Your Chance To Own A Pro Sports Team - Dealbreaker

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The Boston Red Sox missed the playoffs this year, but champagne showers may still be in the cards.

John Henry, the owner of the Red Sox and European football club Liverpool FC, is in talks to bring his sports teams to the public markets in yet another 2020 SPAC merger.

According to the WSJ, Henry's Fenway Sports Group is contemplating a merger with a special purpose acquisition company called RedBall Acquisition Corp.

The Players
RedBall, the brainchild of former Goldman Sachs partner Gerry Cardinale and MLB legend Billy Beane, raised $575 million in August to acquire and optimize sports teams through an analytics-heavy approach.

John Henry bought the Red Sox in 2002 and Liverpool FC in 2010. And he's had a nice run:

  • After an 86 year drought, the Red Sox have won the World Series four times since 2004 and, pre-COVID, regularly packed the stands with a devoted fan base.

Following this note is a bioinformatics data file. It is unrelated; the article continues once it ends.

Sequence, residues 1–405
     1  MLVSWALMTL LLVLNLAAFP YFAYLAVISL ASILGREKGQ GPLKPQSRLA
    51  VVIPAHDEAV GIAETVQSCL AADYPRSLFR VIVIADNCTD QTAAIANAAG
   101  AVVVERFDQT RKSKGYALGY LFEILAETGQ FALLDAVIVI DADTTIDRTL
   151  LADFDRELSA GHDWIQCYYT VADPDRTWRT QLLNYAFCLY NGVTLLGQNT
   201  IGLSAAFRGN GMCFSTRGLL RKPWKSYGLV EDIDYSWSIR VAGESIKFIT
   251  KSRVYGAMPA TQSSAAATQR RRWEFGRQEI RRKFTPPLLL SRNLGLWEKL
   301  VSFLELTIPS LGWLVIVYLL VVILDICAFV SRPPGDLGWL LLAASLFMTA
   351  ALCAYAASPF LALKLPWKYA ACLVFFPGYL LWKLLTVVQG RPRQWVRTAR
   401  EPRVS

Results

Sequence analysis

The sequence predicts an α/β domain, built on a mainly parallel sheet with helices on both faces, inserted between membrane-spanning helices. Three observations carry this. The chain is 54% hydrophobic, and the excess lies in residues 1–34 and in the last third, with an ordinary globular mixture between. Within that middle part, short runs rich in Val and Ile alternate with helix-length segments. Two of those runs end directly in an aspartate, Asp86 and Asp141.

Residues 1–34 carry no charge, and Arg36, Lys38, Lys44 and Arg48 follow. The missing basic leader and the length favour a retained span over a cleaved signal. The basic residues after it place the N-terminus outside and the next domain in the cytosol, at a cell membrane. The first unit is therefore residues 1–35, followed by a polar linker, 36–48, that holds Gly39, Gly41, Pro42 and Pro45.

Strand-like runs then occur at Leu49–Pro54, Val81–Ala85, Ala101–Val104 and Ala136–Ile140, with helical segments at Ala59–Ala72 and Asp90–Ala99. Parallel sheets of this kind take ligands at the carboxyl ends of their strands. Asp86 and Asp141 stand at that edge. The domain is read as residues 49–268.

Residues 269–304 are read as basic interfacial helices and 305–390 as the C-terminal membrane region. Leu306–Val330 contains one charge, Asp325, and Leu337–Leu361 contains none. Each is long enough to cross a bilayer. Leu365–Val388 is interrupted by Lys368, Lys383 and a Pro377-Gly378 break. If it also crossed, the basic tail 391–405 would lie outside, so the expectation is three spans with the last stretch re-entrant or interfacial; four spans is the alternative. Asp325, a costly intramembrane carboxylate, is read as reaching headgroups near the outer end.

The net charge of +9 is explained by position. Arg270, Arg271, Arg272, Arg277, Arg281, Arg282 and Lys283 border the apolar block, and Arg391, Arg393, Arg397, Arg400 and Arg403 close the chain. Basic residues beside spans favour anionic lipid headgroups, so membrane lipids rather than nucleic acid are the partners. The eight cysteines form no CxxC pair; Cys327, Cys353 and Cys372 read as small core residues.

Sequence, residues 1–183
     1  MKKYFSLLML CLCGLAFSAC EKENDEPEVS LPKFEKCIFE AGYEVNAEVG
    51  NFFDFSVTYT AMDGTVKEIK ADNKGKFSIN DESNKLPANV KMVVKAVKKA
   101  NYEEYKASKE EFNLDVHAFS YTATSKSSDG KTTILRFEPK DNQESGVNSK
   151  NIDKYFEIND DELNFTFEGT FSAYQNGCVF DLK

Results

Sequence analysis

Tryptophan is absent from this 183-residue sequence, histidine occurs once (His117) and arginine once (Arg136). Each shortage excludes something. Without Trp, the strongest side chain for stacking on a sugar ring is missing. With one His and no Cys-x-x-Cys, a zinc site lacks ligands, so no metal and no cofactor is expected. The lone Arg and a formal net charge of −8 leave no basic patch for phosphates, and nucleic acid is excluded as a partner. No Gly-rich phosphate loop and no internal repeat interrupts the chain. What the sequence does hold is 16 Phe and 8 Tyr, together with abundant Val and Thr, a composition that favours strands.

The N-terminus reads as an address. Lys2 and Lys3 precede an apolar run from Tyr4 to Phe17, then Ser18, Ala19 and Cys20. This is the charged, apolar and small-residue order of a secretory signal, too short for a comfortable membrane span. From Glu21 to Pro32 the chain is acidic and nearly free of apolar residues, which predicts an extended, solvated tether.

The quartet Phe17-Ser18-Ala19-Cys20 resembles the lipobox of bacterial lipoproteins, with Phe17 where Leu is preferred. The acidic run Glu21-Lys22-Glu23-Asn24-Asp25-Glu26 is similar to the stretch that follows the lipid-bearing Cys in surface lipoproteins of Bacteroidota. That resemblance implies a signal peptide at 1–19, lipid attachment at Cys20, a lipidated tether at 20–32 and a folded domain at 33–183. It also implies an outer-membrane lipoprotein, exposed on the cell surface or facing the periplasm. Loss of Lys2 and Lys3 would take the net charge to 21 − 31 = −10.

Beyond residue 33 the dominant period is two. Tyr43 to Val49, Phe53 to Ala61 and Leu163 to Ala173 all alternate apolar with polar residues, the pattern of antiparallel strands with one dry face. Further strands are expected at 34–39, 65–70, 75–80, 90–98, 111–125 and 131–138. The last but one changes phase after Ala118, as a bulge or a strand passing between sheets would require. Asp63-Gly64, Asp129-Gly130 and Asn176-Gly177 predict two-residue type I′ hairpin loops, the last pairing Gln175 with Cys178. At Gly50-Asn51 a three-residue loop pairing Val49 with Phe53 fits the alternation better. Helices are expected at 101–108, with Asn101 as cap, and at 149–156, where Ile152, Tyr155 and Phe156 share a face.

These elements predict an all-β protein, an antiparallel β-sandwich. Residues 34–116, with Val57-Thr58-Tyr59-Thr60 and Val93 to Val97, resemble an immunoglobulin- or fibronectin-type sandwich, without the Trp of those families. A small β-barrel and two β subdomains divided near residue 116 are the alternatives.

• Liverpool won its first English league title in 30 years this summer and last year won the prestigious UEFA Champions League to become champions of Europe.

Deal Details: RedBall will raise another $1 billion to purchase a 25% stake in Fenway Sports Group, which is being valued at roughly $8 billion.

Why It Matters

While many top-tier European football clubs are publicly listed (including England's Manchester United and Italy's Juventus), publicly traded sports teams are a relatively untested concept in the U.S. The few exceptions include:

  • Liberty Media owns the Atlanta Braves, but the baseball team is a subsidiary of a much larger company.
  • The NFL’s Green Bay Packers are owned by shareholders who mostly consist of fans.

A deal for Fenway Sports would be a significant endorsement for the MLB, which has been the hardest hit of the professional sports leagues because of its heavy reliance on ticket revenue.

The Takeaway: RBIs, home runs, strikes, outs, and… return on invested capital. Add financial returns to the list of stats to track.

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